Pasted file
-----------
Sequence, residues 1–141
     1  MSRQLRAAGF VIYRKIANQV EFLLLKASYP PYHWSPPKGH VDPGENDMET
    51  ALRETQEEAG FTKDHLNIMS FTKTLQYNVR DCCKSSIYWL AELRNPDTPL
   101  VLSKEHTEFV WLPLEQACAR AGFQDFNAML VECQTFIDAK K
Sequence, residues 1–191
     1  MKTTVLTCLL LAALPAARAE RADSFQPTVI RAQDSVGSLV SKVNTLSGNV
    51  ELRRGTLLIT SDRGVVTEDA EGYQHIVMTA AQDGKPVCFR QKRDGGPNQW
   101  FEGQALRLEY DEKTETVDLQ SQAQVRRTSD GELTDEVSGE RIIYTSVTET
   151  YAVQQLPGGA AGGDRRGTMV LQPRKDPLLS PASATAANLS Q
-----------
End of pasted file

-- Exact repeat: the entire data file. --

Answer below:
Sequence, residues 1–141
     1  MSRQLRAAGF VIYRKIANQV EFLLLKASYP PYHWSPPKGH VDPGENDMET
    51  ALRETQEEAG FTKDHLNIMS FTKTLQYNVR DCCKSSIYWL AELRNPDTPL
   101  VLSKEHTEFV WLPLEQACAR AGFQDFNAML VECQTFIDAK K
Sequence, residues 1–191
     1  MKTTVLTCLL LAALPAARAE RADSFQPTVI RAQDSVGSLV SKVNTLSGNV
    51  ELRRGTLLIT SDRGVVTEDA EGYQHIVMTA AQDGKPVCFR QKRDGGPNQW
   101  FEGQALRLEY DEKTETVDLQ SQAQVRRTSD GELTDEVSGE RIIYTSVTET
   151  YAVQQLPGGA AGGDRRGTMV LQPRKDPLLS PASATAANLS Q